In days gone by, an article would run in a paper or magazine, (hopefully) be seen by thousands or maybe millions of readers, then get relegated to the recycling bin or bottom of the proverbial birdcage. The agency or client might add the clip to a digital archive, to trot out when someone asked for it down the road. More savvy organizations might get reprints made and add them to their marketing materials.

With the advent of the internet, however, those once-fleeting media “hits” have found an extended afterlife. Those wonderful stories live online, potentially in perpetuity, to be found by consumers, prospective employees and journalists researching your organization. (Unfortunately, so do negative ones, but that’s a topic for another discussion.)

As those stories accumulate, your SEO results will likely increase too. If you’ve read our prior blog on getting backlinks, you’ll have had success in getting journalists to include links to your organization in the online version of stories. According to Google, a whopping 99.2% of sites that show up in the top 50 search results have at least one external link. The more earned media hits you receive, the more valuable links back to your site from legitimate news sources…and the more your credibility will rise in the eyes of Google and other search engines.

SPRYTE, like most agencies, has always merchandised our media results for clients, but our clients have become more and more interested in merchandising them to their own audiences, whether those are patients and prospective patients, employees/doctors, prospective partners and affiliates, franchises or the general public.

And we’re very happy to help, by providing new introductory copy, writing social media posts, or securing digital reprints.

 

Beyond the Birdcage

Here are some ways we recommend taking that glowing media story “beyond the birdcage”:

  • Post the article on your organization’s website, either on your dedicated “In the News Page” if you have one, or your home page if the story merits marquee treatment. You can include a thumbnail, a link to the original source, or a readable image.
  • E-mail a PDF of the article with a cover note to your marketing list, or consider snail-mailing hard copies with a cover letter or handwritten Post-It note (“I just wanted to make sure you saw this great article…”) to particularly hot prospects.
  • Include the article link or the entire article in your organization’s internal newsletter.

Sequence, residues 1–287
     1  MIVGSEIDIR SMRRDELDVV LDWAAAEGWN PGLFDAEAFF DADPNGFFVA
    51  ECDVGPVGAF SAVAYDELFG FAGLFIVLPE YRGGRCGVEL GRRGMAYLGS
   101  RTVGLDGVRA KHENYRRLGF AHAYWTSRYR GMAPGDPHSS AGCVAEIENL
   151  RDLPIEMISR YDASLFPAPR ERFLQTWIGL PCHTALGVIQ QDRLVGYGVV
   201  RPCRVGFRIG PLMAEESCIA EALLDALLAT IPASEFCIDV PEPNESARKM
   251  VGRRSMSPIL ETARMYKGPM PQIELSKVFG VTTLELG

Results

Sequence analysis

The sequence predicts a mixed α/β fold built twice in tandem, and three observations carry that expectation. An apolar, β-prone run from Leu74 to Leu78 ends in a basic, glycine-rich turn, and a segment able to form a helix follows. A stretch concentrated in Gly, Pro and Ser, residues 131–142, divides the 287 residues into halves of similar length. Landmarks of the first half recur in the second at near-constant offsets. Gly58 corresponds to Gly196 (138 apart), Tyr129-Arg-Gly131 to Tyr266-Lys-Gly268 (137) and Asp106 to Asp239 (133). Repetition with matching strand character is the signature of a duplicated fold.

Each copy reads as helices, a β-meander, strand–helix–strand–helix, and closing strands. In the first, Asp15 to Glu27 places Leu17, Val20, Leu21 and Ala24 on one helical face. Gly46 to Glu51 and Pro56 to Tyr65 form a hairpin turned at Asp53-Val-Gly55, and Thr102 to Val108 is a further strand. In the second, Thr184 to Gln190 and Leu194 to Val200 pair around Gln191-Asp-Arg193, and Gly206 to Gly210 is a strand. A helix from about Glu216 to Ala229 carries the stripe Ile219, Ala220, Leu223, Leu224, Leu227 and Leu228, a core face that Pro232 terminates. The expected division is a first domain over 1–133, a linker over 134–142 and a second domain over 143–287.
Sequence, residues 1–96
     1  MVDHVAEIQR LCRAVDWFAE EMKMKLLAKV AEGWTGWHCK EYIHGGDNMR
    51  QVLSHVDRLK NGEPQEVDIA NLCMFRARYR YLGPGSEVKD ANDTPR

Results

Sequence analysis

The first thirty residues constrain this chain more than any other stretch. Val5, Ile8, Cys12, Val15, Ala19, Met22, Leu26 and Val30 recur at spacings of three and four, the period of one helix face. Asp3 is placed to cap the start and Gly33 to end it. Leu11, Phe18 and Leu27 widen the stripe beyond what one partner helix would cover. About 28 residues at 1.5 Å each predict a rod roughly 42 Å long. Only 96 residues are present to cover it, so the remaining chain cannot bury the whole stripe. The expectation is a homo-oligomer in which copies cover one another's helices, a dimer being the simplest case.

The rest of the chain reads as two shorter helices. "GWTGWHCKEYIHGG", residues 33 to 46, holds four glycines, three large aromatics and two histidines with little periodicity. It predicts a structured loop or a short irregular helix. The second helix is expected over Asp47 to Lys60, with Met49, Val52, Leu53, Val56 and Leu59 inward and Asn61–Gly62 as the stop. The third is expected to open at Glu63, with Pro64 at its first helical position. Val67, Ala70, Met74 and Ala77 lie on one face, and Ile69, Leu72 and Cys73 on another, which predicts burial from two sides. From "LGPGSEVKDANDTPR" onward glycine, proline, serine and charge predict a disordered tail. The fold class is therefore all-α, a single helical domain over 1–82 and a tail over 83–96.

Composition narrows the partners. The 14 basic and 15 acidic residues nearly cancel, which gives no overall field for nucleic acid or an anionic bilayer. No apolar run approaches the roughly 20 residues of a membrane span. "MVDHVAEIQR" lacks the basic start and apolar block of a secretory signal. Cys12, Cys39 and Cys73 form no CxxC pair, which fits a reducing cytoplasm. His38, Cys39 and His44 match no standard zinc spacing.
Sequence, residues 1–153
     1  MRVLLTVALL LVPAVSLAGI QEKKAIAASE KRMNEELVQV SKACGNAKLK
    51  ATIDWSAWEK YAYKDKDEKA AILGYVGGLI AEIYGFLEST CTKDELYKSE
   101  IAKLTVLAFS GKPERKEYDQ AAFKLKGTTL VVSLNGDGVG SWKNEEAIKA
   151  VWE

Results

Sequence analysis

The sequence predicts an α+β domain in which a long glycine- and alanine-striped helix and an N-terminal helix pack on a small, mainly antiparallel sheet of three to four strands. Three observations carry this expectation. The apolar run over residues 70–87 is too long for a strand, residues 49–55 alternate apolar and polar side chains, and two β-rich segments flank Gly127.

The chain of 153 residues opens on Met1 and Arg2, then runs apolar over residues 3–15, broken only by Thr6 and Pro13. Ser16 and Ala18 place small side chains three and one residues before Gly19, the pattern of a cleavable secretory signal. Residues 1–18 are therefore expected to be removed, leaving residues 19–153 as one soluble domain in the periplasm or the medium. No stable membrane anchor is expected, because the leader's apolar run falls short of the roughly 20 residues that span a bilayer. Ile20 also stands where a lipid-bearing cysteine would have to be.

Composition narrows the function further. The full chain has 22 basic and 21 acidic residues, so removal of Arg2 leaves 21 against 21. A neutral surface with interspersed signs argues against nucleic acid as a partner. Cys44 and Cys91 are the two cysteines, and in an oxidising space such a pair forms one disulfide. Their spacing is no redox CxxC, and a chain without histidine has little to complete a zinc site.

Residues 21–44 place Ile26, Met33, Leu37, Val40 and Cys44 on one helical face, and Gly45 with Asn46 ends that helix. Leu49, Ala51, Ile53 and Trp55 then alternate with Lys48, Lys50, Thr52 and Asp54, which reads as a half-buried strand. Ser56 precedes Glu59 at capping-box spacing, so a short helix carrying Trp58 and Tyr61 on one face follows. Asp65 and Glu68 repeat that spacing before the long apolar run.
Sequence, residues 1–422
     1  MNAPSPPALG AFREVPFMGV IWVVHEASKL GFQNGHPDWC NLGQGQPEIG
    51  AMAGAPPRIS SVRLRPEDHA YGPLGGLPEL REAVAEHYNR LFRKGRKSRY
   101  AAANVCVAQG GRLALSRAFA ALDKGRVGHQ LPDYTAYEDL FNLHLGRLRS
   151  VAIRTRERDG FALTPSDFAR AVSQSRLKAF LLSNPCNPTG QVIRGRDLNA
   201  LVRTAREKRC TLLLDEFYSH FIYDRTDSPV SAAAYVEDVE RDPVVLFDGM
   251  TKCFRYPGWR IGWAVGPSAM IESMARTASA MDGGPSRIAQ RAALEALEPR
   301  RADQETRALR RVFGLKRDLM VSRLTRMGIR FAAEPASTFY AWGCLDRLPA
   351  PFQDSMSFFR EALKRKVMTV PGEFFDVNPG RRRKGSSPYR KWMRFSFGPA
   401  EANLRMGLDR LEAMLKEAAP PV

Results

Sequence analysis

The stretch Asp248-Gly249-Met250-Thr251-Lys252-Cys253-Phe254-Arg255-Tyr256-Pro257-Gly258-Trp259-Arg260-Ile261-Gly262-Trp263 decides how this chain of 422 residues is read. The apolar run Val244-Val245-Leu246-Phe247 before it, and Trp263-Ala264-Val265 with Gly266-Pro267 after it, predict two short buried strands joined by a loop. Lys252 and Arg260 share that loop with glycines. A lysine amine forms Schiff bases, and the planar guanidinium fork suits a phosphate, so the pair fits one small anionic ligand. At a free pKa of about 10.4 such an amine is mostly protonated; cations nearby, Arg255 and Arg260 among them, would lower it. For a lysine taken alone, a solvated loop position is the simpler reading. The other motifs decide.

• Share the article link on all your social media channels, and encourage your employees or employee-ambassadors to share or post it on their personal feeds as well.
  • If you’re a franchisor, like a home care company, provide your franchise owners with a ready-to-use blog or paragraph and link that they can use on their microsites, if available.
  • Prepare copy for each of the main social media channels, making posting a turn-key process for franchise owners or affiliates. (Remember, you now have 280 characters to boast on Twitter!)
  • Make hard copies of the article for hand out at trade shows or expos, or to include in leave-behinds. Enlarge and mount the article on foam board for display at your booth or table.
  • Broadcast stories can be edited together and added to the website, played on a loop in waiting rooms, or shown during expos.

One SPRYTE client was so thrilled with the breadth and quality of coverage we generated that they revamped their lobby wall to create a “Wall of Fame” featuring our greatest hits!

 

Run with it, but Play by the Rules

A word of caution: check with the article rights holder before mass distributing any story. Linking to the original source is acceptable in most cases, and the Fair Use Doctrine may apply in many others, but as some stories reside behind paywalls, written permission and/or a fee may be required. Many publications also provide official reprints, including the masthead, at a cost.

Even if you’re not redoing the décor to highlight media hits, positive articles about your organization should become another arrow in your marketing quiver. Fortunately, there are many avenues to prolong the afterlife of great publicity!

Running with Social Media at Philly Marathon

SPRYTE’s Online Storytelling Shines During Race Weekend

Like many communications consultants before us, “social media” was part of our Statement of Work on a very recent government engagement, and at the start of the contract earlier this year, it was relatively undefined.

As experienced healthcare communicators, SPRYTE has been the health system spokesperson and we’ve used earned media, not paid advertising, to deliver bodies to programs from scientific thought leadership panels to high profile entertainment fundraising.

Little did we know what joy we would personally experience and how well our public relations background had prepared us for taking the reigns as the voice of one of America’s top 10 marathons!